This summer, the entire faculty of Forest Ridge read Grading for Equity by Joe Feldman. This book is packed with research and addresses the sensitive nature of discussing grading. He does a great job of answering teachers’ most common questions and concerns about grading reform, such as “If I stop grading homework, won't they stop doing it?”
Here are my reading notes:
Assumptions About Grading to Throw Out
- Grades are mathematical and, therefore, objective. This is refuted by looking at grading variance within a single school.
- Based on growth mindset research, intellectual ability falls on a bell curve and so should student grades within a course.
- Students are effectively, extrinsically motivated by external factors like grades. The research of Dan Pink and others shows that extrinsic motivation only really works for menial tasks.
Pillars of an Equitable Grading System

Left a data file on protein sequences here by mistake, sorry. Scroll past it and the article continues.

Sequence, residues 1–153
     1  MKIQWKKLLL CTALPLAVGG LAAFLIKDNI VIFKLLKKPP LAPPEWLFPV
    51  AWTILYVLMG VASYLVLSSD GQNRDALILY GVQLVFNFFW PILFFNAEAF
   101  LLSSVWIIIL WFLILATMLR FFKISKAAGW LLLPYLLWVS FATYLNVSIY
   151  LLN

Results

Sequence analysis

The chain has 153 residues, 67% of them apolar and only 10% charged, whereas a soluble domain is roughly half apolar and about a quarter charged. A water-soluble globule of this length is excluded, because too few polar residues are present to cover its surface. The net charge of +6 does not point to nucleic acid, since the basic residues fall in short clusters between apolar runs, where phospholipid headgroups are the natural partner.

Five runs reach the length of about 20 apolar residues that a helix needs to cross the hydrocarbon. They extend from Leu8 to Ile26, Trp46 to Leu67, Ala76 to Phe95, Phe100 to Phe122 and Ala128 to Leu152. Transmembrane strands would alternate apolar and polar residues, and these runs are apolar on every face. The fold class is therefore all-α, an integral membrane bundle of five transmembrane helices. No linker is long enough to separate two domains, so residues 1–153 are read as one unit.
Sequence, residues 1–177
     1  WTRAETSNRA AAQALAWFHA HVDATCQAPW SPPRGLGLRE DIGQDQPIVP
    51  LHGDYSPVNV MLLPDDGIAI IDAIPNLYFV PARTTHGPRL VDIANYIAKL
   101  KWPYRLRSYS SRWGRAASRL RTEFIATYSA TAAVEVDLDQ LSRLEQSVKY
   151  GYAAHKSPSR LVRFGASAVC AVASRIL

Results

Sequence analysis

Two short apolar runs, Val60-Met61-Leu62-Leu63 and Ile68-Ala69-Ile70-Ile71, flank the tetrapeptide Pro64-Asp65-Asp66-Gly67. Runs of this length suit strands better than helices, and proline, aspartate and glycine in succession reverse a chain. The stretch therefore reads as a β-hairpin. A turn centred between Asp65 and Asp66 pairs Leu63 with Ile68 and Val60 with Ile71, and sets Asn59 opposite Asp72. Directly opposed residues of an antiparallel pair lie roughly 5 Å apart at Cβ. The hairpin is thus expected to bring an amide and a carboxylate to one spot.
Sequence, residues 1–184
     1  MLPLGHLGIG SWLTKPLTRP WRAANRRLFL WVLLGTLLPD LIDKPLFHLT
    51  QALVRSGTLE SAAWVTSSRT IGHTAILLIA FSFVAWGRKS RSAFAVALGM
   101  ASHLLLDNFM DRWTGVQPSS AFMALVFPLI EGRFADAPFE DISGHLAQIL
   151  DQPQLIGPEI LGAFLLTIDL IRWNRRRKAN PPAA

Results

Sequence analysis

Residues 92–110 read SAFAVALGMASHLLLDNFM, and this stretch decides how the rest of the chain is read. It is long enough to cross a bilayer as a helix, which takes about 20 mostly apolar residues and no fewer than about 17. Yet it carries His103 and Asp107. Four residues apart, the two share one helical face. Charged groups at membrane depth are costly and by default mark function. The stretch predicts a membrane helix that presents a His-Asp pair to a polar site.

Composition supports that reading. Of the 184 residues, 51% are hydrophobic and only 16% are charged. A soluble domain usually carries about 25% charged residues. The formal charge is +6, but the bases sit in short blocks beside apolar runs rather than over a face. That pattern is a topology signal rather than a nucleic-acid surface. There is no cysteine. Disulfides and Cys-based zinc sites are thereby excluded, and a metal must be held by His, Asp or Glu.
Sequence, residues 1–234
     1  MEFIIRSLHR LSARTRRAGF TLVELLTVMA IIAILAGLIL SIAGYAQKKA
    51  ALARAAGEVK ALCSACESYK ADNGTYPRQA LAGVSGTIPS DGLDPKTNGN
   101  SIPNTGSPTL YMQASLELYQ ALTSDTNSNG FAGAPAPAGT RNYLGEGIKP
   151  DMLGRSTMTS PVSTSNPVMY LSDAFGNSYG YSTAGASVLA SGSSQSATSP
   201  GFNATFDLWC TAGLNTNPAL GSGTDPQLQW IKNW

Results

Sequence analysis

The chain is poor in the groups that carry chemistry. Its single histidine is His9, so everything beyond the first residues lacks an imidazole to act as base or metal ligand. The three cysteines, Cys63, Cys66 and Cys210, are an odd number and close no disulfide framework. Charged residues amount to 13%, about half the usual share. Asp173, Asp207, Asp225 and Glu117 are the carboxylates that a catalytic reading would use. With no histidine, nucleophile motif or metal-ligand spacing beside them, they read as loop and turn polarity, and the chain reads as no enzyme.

- Accurate - Does the grade reflect what students know, and not their behaviors?
- Bias-Resistant - Our practices shouldn't reward students with privilege or penalize students without privilege
- Motivational - Our practices should encourage students to act in pursuit of learning and not points
- Stop grading or awarding points for homework
- Use rubrics
- "Calibrate" rubrics by assessing a sample of student work together with students
- Help students see the connection of behaviors (like homework completion) to learning
- The consequence for not doing work should be to do the work
If you don't have time to do a full read of Grading for Equity, I'd recommend checking out this webinar by Joe Feldman and visiting the website www.gradingforequity.com. Teachers at Forest Ridge are enthusiastically adopting these principals to provide a more equitable learning environment for our students.